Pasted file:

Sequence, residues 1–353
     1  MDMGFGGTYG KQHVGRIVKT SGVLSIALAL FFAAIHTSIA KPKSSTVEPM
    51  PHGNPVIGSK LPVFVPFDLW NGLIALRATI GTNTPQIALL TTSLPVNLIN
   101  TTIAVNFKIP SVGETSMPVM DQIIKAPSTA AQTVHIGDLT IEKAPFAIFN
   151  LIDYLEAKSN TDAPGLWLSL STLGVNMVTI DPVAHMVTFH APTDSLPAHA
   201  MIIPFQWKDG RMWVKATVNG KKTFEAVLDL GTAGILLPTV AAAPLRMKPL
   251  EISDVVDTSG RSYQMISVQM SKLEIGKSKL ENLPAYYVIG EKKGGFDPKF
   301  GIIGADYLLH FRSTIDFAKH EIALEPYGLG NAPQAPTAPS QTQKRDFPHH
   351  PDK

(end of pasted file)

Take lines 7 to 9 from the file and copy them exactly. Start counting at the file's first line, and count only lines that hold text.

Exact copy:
   251  EISDVVDTSG RSYQMISVQM SKLEIGKSKL ENLPAYYVIG EKKGGFDPKF
   301  GIIGADYLLH FRSTIDFAKH EIALEPYGLG NAPQAPTAPS QTQKRDFPHH
   351  PDK